I've received numerous email from people describing a strange problem they've encountered with Microsoft Outlook 2007. Apparently, in some organizations, one or more users report that email messages disappear out of their Sent Items or Deleted Items folders. The messages later reappear.
When I experienced this problem, the circumstances surrounding the event prevented me from being able to perform any type of diagnosis. Even so, I wanted to offer my suggestions for diagnosing the issue.
In all of the cases of items disappearing from Microsoft Outlook 2007 folders and then reappearing, both the PCs and Outlook were configured identically across the organization. This is a big clue, because if all client machines are truly configured identically, and only one or two machines experience the problem, then the machine's configuration can be ruled out as a potential cause.
Initially, I thought latency might be to blame. For example, if the client machine contains a defective network card or if there are problems with the network cable that's connected to the client machine, then the machine could be performing an excessive number of retries while attempting to communicate with the Exchange server.
But this theory isn't completely viable since Microsoft Outlook 2007 uses cached mode by default. Therefore, all items in the Sent Items and Deleted Items folders are stored locally within the user's profile. When the user opens Outlook, this cached information is loaded immediately and Outlook attempts to connect to Exchange to download any new items or any changes to items that have been cached already.
If Outlook client-side caching is enabled, and I confirmed that it was in some cases, I think that the problem may be cache-related. I believe this because, in many of the reports, the user first noticed that the folders were empty immediately after opening Outlook. Therefore, the off-line cache, or some portion of it, is becoming corrupt. The items may eventually reappear because Exchange Server repopulates the cache.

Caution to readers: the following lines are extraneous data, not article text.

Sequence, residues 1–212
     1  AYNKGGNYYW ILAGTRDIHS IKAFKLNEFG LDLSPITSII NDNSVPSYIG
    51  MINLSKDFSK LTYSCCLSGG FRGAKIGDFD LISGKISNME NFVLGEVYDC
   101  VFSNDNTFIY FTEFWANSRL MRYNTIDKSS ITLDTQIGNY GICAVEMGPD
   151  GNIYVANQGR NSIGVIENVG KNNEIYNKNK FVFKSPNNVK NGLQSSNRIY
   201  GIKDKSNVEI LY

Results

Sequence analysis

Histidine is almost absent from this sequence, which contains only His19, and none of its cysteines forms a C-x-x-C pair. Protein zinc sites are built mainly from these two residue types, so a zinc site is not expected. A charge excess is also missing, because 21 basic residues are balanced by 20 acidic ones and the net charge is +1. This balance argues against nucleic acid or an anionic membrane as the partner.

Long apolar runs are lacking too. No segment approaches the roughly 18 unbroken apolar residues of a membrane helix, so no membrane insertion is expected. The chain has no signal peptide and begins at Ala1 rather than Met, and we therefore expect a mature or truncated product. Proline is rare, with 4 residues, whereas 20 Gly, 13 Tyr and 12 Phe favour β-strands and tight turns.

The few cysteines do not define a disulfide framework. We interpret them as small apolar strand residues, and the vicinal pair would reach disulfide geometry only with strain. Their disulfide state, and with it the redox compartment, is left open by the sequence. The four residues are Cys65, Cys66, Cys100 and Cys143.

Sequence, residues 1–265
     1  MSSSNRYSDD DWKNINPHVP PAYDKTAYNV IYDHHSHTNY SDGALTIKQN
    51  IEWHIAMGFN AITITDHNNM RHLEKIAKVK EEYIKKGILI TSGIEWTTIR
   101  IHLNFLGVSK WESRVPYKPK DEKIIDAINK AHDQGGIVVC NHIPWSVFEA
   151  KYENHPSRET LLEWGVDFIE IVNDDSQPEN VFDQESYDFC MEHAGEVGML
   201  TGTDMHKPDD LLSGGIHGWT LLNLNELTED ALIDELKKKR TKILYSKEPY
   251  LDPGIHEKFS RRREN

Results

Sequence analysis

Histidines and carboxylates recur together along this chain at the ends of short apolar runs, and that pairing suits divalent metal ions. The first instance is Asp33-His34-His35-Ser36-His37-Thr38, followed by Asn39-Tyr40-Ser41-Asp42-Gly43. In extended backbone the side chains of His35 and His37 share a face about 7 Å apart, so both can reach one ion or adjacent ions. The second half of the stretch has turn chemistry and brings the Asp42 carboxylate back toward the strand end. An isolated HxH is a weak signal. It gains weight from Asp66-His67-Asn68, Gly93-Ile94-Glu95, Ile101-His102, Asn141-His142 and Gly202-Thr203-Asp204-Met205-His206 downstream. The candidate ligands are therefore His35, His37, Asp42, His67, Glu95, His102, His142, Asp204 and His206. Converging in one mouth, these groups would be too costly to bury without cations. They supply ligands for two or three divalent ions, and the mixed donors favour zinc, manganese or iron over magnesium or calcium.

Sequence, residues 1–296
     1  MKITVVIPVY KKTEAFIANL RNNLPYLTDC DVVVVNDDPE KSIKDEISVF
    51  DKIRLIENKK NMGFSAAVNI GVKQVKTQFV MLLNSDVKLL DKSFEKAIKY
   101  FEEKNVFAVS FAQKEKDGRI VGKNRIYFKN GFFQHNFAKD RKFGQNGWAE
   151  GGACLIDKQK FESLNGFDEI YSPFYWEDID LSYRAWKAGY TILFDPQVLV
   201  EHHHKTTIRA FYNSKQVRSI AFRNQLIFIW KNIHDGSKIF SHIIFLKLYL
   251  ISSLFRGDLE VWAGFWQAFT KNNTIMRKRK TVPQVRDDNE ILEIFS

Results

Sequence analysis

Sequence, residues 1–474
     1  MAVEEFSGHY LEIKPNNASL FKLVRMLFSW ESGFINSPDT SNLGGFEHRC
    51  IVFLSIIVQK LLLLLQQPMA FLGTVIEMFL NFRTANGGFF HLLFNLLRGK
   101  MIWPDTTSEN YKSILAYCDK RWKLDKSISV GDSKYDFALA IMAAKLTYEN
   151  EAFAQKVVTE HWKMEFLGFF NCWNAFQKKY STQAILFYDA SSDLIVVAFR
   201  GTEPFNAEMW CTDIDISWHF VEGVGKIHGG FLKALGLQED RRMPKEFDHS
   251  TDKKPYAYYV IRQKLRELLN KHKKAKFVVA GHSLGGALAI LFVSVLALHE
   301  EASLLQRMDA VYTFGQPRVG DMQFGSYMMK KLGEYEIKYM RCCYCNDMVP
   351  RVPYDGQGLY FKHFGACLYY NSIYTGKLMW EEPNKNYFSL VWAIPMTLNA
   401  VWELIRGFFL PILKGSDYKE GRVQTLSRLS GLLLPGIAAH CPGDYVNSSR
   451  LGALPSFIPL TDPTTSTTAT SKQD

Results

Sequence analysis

This is just a theory, though, and I have no way to test it. I recommend that if a user is experiencing this issue, he should begin the diagnosis by disabling off-line caching.
To disable cached Exchange mode, choose the Account Settings command from Outlook's Tools menu. When the Account Settings properties sheet is displayed, go to the Email tab and double-click on the problematic mailbox.
This will cause Windows to display the Change Email Account dialog box. Deselect the Use Cached Exchange Mode box, click Next and then click Finish. Click Close to return to the main Microsoft Outlook screen.
I've been told that the problem of Microsoft Outlook email disappearing and then reappearing usually occurs intermittently. Therefore, I recommend running Outlook on the machine with cached Exchange mode disabled for a few weeks. This will give you the chance to determine if disabling the cache fixes the problem.
If the problem goes away, I recommend deleting the corresponding cache file and re-enabling Exchange Cache Mode. Deleting the cache file is safe because all of the user's data should still reside on the Exchange server. Deleting the cache file and then re-enabling Exchange caching forces Outlook to rebuild the cache from scratch.
The cache file is an .OST file stored within the user's profile directory. The actual file name varies from user to user, but there should only be one .OST file in the user's directory. The actual location of the offline cache also varies, depending on the version of Windows being used. In Windows Vista, the .OST file is stored in the C:\USERS\
About the author: Brien M. Posey, MCSE, is a five-time recipient of Microsoft's Most Valuable Professional award for his work with Exchange Server, Windows Server, Internet Information Services (IIS), and File Systems and Storage. Brien has served as CIO for a nationwide chain of hospitals and was once responsible for the Department of Information Management at Fort Knox. As a freelance technical writer, Brien has written for Microsoft, TechTarget, CNET, ZDNet, MSD2D, Relevant Technologies and other technology companies. You can visit Brien's personal website at www.brienposey.com.
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This was first published in November 2008